A killer and a survivor, Chris Kyle had left the dust-worn places where he had to worry about enemy fire -- or even friendly fire.
Kyle, 38, an author and former Navy SEAL sniper, was shot dead Saturday in Texas by an unemployed, 25-year-old Marine veteran, officials said Sunday afternoon. Another man, Chad Littlefield, 35, was also killed.
The suspect, Eddie Ray Routh, used a semiautomatic handgun to shoot Kyle and Littlefield multiple times at a secluded gun range at the Rough Creek Lodge southwest of Ft. Worth, investigators said at a televised news conference. Routh probably will face two capital murder charges.
The Associated Press reported that Routh remained a reserve with the Marines after serving with them from 2006 to 2010, with a deployment to Iraq in 2007.
Kyle, who was married with two children, was known to take troubled veterans to gun ranges as part of giving back -- shooting and hanging out as a kind of therapy, with the idea of having a good time.
"The shooter is possibly one of those people," Erath County Sheriff Tommy Bryant said, hinting that Routh's mother, a schoolteacher, may have reached out to Kyle to get help for her son. Officials couldn't confirm whether Routh had suffered from post-traumatic stress disorder. They said there were no witnesses to the shootings.
Routh appeared to be one of the nation's numerous unemployed veterans, and Kyle was one of the crop of Navy SEALs to leave the anonymity of military service and enter the public sphere.
In Kyle's book, "American Sniper: The Autobiography of the Most Lethal Sniper in U.S. Military History," he claimed that he'd recorded the most confirmed kills of any American sniper -- more than 150. His autobiography was unapologetically politically incorrect, reflecting the man: During one visit home between deployments, Kyle got a tattoo of a crusader cross on his arm.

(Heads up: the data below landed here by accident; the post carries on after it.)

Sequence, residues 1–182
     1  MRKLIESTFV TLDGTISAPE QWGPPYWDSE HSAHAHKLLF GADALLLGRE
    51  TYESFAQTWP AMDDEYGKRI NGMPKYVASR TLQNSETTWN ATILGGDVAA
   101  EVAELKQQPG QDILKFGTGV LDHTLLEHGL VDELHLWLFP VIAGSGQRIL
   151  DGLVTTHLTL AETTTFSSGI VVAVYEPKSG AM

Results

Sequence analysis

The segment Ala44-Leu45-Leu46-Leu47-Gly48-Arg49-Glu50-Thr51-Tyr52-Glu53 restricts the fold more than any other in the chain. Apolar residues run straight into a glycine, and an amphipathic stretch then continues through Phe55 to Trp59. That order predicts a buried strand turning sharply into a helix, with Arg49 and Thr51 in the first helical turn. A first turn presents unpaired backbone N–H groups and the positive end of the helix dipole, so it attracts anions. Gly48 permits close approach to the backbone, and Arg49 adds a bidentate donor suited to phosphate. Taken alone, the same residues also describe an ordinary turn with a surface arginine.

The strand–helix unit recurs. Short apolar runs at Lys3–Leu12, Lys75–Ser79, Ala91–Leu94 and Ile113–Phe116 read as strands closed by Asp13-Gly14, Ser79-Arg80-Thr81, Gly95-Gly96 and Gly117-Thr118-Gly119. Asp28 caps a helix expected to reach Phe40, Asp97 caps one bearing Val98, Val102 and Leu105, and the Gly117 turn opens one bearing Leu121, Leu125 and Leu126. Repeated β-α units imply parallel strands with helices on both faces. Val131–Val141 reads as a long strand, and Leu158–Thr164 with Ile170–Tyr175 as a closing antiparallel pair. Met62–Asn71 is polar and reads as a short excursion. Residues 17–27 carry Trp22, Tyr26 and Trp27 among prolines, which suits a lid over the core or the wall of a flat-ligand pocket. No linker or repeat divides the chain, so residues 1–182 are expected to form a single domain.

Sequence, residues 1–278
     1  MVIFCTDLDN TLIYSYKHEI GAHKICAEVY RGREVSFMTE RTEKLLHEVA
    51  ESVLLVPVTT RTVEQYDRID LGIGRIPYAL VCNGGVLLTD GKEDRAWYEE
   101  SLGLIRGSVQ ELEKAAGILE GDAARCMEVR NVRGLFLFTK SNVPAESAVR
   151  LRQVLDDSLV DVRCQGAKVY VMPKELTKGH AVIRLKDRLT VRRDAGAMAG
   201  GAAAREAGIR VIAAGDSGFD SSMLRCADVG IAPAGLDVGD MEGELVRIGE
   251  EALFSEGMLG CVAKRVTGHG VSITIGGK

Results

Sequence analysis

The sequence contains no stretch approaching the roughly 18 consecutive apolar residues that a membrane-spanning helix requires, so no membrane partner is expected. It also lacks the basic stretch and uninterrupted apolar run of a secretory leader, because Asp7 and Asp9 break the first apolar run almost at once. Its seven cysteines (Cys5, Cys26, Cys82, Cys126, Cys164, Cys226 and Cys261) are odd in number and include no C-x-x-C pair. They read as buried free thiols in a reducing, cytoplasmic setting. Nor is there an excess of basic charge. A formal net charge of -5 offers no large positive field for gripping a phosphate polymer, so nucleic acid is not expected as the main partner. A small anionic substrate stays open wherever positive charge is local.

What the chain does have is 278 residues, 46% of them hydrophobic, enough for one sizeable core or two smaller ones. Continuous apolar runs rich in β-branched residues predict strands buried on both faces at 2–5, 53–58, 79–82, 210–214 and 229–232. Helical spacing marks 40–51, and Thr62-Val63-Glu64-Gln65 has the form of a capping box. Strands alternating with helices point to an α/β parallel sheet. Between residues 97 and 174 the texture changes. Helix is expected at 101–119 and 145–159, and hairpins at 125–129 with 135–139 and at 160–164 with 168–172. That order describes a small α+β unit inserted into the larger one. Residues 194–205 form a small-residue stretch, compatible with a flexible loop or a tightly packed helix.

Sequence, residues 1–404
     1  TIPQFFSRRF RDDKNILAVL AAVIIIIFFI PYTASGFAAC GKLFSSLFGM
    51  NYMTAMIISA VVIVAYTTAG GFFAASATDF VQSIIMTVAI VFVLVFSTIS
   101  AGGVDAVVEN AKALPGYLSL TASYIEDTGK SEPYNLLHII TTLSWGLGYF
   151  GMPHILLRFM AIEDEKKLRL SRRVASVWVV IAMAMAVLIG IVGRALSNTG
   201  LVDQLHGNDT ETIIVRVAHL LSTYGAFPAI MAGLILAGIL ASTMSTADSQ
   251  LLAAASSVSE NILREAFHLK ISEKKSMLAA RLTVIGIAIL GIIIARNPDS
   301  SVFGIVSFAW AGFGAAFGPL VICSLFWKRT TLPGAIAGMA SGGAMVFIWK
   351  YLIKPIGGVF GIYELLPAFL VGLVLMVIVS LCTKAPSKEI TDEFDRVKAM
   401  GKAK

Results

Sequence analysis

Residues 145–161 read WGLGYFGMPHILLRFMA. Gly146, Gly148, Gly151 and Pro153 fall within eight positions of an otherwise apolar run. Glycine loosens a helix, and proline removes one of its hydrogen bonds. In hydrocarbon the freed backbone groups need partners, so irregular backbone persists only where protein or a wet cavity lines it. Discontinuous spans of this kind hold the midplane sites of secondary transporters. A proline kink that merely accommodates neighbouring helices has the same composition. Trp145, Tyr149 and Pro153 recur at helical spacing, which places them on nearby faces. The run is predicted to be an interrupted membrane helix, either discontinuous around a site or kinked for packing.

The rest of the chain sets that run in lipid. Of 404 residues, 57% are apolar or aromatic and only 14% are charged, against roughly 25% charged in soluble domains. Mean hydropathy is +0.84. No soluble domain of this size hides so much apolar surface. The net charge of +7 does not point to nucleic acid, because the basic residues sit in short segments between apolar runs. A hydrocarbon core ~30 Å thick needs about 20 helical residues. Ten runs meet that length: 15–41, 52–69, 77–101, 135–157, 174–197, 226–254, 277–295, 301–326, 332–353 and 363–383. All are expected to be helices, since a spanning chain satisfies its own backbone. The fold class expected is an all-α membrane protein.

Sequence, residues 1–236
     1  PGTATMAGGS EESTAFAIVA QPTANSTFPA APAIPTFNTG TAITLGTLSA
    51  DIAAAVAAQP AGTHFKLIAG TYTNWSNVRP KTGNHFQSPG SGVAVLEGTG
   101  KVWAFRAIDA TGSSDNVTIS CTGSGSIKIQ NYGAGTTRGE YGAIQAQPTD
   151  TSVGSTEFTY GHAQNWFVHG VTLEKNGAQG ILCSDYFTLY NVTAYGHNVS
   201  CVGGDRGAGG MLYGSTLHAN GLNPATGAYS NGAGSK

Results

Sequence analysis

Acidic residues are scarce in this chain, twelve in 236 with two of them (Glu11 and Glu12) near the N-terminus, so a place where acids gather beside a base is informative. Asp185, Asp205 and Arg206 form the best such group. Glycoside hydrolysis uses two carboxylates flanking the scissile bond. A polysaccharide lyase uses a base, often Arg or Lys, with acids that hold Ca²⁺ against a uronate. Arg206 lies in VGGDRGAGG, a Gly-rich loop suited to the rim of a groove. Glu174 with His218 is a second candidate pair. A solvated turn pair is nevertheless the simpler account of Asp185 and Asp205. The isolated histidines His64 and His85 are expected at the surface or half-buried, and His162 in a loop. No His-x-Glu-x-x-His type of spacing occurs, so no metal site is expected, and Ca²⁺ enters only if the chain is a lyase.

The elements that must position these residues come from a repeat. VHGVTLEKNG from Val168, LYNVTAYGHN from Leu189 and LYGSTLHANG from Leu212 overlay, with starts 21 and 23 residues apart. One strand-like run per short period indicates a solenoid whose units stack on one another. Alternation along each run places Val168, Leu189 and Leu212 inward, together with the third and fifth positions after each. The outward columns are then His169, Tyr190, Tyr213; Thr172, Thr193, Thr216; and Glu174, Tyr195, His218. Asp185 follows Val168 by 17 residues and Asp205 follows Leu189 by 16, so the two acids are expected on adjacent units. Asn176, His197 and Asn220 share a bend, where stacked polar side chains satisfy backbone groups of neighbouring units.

"I wanted everyone to know I was a Christian," Kyle wrote. "I had it put in in red, for blood. I hated the damn savages I’d been fighting. I always will. They’ve taken so much from me."
Kyle won adulation and a spotlight and appeared on the NBC reality show "Stars Earn Stripes," in which "celebrities are challenged to execute complicated missions inspired by real military exercises."
News of his death spread quickly through the Navy SEAL community, according to Rorke Denver, a reserve SEAL team lieutenant commander based in San Diego, who served with Kyle on SEAL Team 3 in Iraq.
“We’re such a small brotherhood that when something happens to anybody here or overseas, word travels fast,” Denver told The Times on Sunday.
Denver said the news was “really hard to believe,” and he called Kyle “one of our real champions and battle stars.”
For Denver, one of the toughest parts to believe was that Kyle was “not only killed, but on a range with someone he was trying to help, another veteran.”
“I knew Chris had been working with other veterans, folks with PTSD, trying to help them get better,” Denver said. "It’s hard to stomach that someone he was trying to help would turn on him.”
Denver said that during the last day, he has fielded questions from civilians who can’t understand why Kyle would have taken someone with PTSD to a shooting range — but as a veteran, he understands.
“That type of shooting can actually be cathartic, calming,” he said, “letting your heart settle,” particularly for veterans who have just returned home after being accustomed to carrying weapons.
Officials said they don't have a motive for Routh's attack and that he didn't have much of a criminal record. The three men apparently traveled to the gun range together in the same truck.
Police said they tracked Routh to his home in Lancaster, Texas, on Saturday evening, where police tried to convince him to turn himself in. Instead, he made a break for it, and police gave chase.